How to Integrate Disability Benefits into a System with Individual Accounts: The Chilean Model

Published: 2005
Project ID: UM05-13


Chile offers a unique case study of the joint functioning of a national retirement system with private accounts and a national disability insurance program with both public and private elements. The Chilean system uses a worker’s retirement savings account as part of his disability insurance, but if the worker becomes disabled, government tops up the account to a specified defined-benefit amount. The latter is accomplished primarily through the private insurance market, but government provides back-up guarantees. The individual account, in effect, does double duty as an instrument of retirement savings plus disability and survivor’s insurance. This has the effect of keeping costs down and making the system less sensitive to demographic shocks, while the defined-benefit top-up reduces risk to the worker. The object of this study is to examine how well this mixed public-private, partially funded system has performed and to evaluate whether Chilean experiences provide useful lessons for U.S. and other countries.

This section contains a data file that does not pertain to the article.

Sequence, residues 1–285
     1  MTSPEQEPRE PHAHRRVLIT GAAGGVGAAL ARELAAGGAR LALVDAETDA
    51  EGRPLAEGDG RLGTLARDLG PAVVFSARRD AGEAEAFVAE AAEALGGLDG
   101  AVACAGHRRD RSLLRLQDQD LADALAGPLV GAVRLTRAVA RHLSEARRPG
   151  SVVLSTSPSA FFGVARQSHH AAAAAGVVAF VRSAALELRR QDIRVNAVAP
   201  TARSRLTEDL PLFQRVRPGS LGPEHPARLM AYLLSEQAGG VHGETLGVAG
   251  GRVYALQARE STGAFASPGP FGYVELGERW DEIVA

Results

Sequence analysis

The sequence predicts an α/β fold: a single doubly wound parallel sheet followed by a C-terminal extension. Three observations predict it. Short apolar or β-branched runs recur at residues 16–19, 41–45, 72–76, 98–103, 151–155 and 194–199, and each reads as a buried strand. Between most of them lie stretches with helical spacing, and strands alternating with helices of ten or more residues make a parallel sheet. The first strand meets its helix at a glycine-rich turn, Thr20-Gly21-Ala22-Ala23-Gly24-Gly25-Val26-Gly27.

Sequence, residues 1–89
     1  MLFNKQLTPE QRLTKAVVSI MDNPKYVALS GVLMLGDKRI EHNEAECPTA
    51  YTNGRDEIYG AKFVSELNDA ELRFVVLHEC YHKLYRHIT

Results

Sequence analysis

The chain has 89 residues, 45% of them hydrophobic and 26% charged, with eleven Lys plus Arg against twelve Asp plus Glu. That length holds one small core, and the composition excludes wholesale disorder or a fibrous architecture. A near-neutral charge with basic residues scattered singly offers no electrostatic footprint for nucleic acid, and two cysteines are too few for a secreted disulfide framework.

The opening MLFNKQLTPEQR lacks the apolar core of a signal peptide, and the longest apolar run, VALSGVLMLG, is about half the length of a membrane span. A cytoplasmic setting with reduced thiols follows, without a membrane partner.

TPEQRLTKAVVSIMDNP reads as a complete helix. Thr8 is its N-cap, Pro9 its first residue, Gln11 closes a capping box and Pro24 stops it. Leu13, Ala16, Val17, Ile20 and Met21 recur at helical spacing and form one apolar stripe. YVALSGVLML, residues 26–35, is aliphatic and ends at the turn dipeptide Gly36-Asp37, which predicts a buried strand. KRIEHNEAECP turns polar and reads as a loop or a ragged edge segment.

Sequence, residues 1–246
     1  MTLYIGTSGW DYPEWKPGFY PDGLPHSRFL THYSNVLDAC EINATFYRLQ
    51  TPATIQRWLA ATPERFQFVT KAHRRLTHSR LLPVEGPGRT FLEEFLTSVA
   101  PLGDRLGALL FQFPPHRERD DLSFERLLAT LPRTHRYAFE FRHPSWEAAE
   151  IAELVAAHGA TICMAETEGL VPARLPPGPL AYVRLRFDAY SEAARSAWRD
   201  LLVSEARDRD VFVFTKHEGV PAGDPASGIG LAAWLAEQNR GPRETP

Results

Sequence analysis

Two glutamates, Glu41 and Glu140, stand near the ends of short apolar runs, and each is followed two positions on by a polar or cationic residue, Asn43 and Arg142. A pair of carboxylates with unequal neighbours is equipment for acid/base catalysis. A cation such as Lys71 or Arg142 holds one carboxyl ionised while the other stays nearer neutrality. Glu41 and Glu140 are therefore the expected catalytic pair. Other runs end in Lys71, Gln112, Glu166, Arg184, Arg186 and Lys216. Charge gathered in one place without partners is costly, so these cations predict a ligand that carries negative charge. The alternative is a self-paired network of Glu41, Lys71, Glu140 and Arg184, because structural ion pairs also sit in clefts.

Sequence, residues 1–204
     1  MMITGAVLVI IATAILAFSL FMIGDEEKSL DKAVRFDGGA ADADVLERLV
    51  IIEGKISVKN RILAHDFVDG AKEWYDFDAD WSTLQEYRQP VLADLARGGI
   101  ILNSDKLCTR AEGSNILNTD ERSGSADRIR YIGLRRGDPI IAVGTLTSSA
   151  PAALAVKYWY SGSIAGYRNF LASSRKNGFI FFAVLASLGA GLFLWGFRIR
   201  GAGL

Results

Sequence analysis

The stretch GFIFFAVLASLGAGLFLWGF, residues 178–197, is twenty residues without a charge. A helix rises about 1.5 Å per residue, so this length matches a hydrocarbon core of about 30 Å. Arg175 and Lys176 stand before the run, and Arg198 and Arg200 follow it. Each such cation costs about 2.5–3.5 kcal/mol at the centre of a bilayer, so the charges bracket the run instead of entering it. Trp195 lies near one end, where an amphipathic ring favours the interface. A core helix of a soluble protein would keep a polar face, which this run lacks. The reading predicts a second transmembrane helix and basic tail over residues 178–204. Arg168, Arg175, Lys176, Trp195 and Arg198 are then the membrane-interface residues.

Estelle James